Mindfulness

  • Tips on Mindfulness Meditation from Sayadaw U Tejaniya Paid Member

    BEFORE WE START practicing mindfulness meditation, we must know how to practice. We need to have the right information and a clear understanding of the practice to work with awareness intelligently. This information will work at the back of your mind when you meditate. 1. Meditating is watching and waiting patiently with awareness and understanding. Meditation is not trying to experience something you have read about or heard about. 2. When meditating, both the body and mind should be comfortable. 3. You are not trying to make things turn out the way you want them to happen. You are trying to know what is happening as it is. Read the rest here. Image © sayadawutejaniya.org More »
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    Mindfulness Leads to Wisdom Paid Member

    In a state of mindfulness, you see yourself exactly as you are. You see your own selfish behavlor. You see your own suffering. And you see how you create that suffering. You see how you hurt others. You pierce right through the layer of lies that you normally tell yourself, and you see what is really there. Mindfulness leads to wisdom. - Bhante Henepola Gunaratana, from “Mindfulness and Concentration,” Tricycle, Fall 1998 Follow us on Twitter and Facebook. Read the full article: Mindfulness and Concentration More »
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    Looking at Suffering Paid Member

    In Buddhist practice, we investigate the nature of suffering. One of the first things we may notice is our relationship to it. We may discover how we tolerate, avoid, or accept suffering in unhealthy ways. We may notice our aversion to suffering, which creates even more suffering.We may also notice how suffering functions in our lives. We might be using it as proof of or justification for inappropriate judgments about ourselves: e.g., that we are blameworthy, inadequate, or incapable. Identifying strongly with our suffering can become our orientation to the world. Occasionally people hang on to the identity “I’m a victim,” and want to be treated by others as a victim. We can use our suffering to get other people to respond to us in ways that may not be healthy. However, being willing to investigate suffering and to look at it closely and nonreactively changes our relationship to it. We bring a healthy part of our psyche to the experience of suffering. More »
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    Mindful Behind the Wheel Paid Member

    Think about it. You’re hurtling down the highway inside a three-thousand-pound metal box, surrounded by other speeding metal boxes and immovable objects. Delay for a second or two in stepping on the brake, or let the steering wheel veer off by twenty degrees for as long as it takes to draw a breath.... Driving provides continual opportunities for us to wake up, to be mindful. There is no other daily activity for which moment-to-moment awareness is so important, or the consequences of inattention so immediate and potentially catastrophic. Given this danger, you’d think we’d be in a constant state of hyper-arousal while driving. But in fact, the opposite seems to be true. It’s often difficult to give driving the attention it deserves; we find ourselves zoning out, operating on autopilot. More »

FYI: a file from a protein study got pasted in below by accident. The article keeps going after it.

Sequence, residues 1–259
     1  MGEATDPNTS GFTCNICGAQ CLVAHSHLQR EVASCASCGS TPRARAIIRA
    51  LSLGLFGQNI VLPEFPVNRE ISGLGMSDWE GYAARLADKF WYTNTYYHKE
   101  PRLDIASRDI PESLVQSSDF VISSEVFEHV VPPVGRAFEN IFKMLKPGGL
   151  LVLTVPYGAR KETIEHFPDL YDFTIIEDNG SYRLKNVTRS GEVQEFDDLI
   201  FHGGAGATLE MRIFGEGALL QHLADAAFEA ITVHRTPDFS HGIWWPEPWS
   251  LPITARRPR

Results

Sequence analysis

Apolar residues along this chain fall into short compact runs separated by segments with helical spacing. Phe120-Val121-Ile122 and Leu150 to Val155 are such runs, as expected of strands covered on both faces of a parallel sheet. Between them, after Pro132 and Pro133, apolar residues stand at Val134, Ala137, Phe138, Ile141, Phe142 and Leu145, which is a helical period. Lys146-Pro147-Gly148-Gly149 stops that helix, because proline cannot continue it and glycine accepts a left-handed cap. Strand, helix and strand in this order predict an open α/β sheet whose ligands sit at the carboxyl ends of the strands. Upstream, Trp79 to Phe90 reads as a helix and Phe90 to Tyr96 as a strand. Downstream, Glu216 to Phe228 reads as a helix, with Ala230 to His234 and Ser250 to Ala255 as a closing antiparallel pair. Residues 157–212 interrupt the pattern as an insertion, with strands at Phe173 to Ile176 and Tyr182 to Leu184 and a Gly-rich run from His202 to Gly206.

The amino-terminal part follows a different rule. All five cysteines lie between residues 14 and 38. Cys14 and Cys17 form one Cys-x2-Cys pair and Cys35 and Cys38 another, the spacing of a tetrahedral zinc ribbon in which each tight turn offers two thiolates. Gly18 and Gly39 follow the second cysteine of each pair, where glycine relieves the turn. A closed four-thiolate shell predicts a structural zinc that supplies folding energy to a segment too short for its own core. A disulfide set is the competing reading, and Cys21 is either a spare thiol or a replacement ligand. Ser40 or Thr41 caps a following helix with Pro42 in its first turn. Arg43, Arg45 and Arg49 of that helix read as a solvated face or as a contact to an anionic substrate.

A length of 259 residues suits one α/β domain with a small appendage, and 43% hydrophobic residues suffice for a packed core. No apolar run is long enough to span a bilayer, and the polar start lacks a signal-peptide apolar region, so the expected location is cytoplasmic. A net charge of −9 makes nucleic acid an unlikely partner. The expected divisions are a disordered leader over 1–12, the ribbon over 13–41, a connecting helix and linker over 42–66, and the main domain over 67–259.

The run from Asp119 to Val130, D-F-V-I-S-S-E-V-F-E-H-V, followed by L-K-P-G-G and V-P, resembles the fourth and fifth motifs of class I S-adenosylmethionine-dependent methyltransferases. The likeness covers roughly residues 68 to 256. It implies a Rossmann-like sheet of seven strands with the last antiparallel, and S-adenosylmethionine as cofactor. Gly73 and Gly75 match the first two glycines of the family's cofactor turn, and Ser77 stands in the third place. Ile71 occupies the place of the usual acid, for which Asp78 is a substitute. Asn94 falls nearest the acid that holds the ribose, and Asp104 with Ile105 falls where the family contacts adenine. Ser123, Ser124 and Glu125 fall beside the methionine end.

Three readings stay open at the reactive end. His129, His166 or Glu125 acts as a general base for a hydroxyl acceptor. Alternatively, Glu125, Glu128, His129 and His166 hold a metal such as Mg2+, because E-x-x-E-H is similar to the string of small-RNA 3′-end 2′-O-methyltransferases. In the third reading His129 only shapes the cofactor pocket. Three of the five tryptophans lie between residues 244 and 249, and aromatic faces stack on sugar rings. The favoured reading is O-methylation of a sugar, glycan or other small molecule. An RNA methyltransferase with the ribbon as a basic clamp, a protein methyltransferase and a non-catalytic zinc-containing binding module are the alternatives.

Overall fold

• Giving up is a good thing Paid Member

    The practice of seeing clearly is what finally moves us toward kindness. Seeing, again and again, the infinite variety of traps we create for seducing the mind into struggle, seeing the endless rounds of meaningless suffering over lusts and aversions (which, although seemingly urgent, are essentially empty), we feel compassion for ourselves. And then, quite naturally, we feel compassion for everyone else. We know as we have never known before that we are stuck, all of us, with bodies and minds and instincts and impulses, all in a tug-of-war with our basic heart nature that yearns to relax into love. Then we surrender. We love. We laugh. More »
  • The Lion's Roar - Daily Dharma, September 24th, 2009 Paid Member

    We each need to make our lion’s roar—to persevere with unshakable courage when faced with all manner of doubts and sorrows and fears—to declare our right to awaken. We need to take the one seat, as the Buddha did, and completely face what is true about this life. Make no mistake about this, it is not easy. It can take the courage of a lion or a lioness, especially when we are asked to sit with the depth of our pain or fear. –Jack Kornfield, from “Take the One Seat,” Tricycle, Summer 1993 Read the complete article. Follow us on Twitter and Facebook. Sign up for the Daily Dharma or Tricycle Community Newsletter More »